Sister Amanda had little against witches. Perhaps it's because - before she came here to the city -  she'd grown up in the country, among the empty places between moonlit crossroads. The kind of place where if you had a baby to be born or a sick sheep or a pain in your bowels you'd best be friends with the old, wise woman living by herself. The one who grew the herbs with magickal-sounding names, the one who always kept an open bowl of salt near her windowsill, for reasons unknown. Even before she'd taken her orders, before the hours spent in prayer and meditation, Amanda had the trick of mindfulness. She saw the sprig of mistletoe crushed between gnarled fingers, heard the whispers in a tongue older than the very hills in which she lived. Was the old woman whispering the names of demons, or a secret name of God? Amanda had never asked her but, years later she looked back at the well-birthed babies and easing of little pains she knew that the crone had done God's work.

No, Sister Amanda had little against witches.

Most of the time.

There was little question that this witch - the one who called herself Perdita - didn't care for the Lord's work. She'd seemed at first like so many other disaffected youth - all black leather, badly died hair, cheap tattoos.  An inverted crucifix clearly meant to shock, but evoking nothing but pity. She'd be another lost soul for whom to say prayer if not for the words Sister Amanda overheard. Gutteral, primitive speech from the back of her throat, a language older than the hills on which the city was built. On a bright spring day, she heard the girl whisper, saw the blood-red petals on the season's first tulips  whither and fall to the ground.

Sister Amanda had little against witches, but she'd not let this vile creature leech from  her city its beauty.

She'd grown up in the country, where one learned to respect and listen to the old wise-women. Grown up with old stories about old rules. She prayed long and hard on the matter, but with little doubt as to how the spirit would guide her. Following old customs, the challenge was made, the challenge accepted. How this was done - or how so many spectators found out about the coming duel - mattered not.

At high noon, Sister Amanda arrived at the park, her weapons rattling comfortably against eachother in the worn canvas backpack. Before her stood the young witch, in battered black and bad tattoos, a yew branch in one hand, a silver knife in the other.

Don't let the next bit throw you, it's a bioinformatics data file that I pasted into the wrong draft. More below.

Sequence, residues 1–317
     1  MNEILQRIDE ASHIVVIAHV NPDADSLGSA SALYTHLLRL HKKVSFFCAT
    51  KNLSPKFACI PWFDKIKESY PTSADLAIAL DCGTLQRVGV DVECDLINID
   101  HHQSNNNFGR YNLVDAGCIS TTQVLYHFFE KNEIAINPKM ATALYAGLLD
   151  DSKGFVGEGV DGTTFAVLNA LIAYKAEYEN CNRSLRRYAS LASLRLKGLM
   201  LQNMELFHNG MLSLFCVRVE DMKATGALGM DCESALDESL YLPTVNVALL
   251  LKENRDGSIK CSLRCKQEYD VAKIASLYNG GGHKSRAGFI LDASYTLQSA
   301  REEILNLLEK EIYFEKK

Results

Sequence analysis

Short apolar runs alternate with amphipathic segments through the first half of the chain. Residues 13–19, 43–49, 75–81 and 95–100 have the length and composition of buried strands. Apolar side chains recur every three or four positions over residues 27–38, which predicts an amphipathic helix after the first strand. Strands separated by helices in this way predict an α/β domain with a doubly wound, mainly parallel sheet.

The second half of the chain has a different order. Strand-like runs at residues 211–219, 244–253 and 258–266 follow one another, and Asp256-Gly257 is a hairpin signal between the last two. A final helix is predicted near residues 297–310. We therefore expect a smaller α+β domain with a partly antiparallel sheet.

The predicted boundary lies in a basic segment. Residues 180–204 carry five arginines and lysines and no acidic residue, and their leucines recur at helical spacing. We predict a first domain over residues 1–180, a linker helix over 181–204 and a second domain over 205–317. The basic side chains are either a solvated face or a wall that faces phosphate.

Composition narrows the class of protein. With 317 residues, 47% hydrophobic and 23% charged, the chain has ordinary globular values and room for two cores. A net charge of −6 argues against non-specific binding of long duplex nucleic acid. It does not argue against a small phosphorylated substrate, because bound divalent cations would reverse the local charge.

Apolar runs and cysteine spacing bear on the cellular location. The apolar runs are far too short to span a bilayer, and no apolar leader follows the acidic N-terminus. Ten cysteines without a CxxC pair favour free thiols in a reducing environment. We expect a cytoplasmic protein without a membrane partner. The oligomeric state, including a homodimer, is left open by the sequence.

Shoulders hunched forward, Perdita muttered the ancient words it had cost her so much to learn, felt the vibrance of the young spring day flow into her body, felt color fading from the flowering plants around her.

Sister Amanda drew her weapons - three bright-painted clubs, red green and blue, their handles worn smooth by decades of use. They flashed in the sunlight as she threw and caught, threw and caught criss-crossing in the ancient cascade pattern. Reflected sunlight blinkflashed the eyes of spectators and tourists with their cameraphones and smiling faces and laughing eyes.

Perdita's chanting faded behind the noise of an increasingly attentive crowd as, all around them, the flowers returned to bloom.
Image by Karen Buryiak




 

Tuesday, April 28, 2015

Unwinding the STEM - why a career in tech is not my dream for my children

As Infocomm time grows nearer (for my non-professional connections,   Infocomm is the annual tradeshow for professional audiovisual industry) I think back towards a conversation I had at the Women in AV dinner with Kristin Rector of ListenTech. We'd been talking about family and, at the moment, about my then-seven year old daughter (in a development which is both predictable and a complete wonder to me, she's now eight. Parents will understand). Recker asked, as was fitting for the occasion, if I'd encourage her to go into the audiovisual or other technical field.  It's n obvious question with an obvious answer - STEM (Science, Technology, Engineering, Mathematics) fields are, after all, the engine of the modern technology-centric economy. In an increasingly connected and tech-dependent world, we need people who understand science and tech just as much as future generations need to understand the technology which fuels their lives. So my answer was, of course, a completely equivocal "maybe. It depends."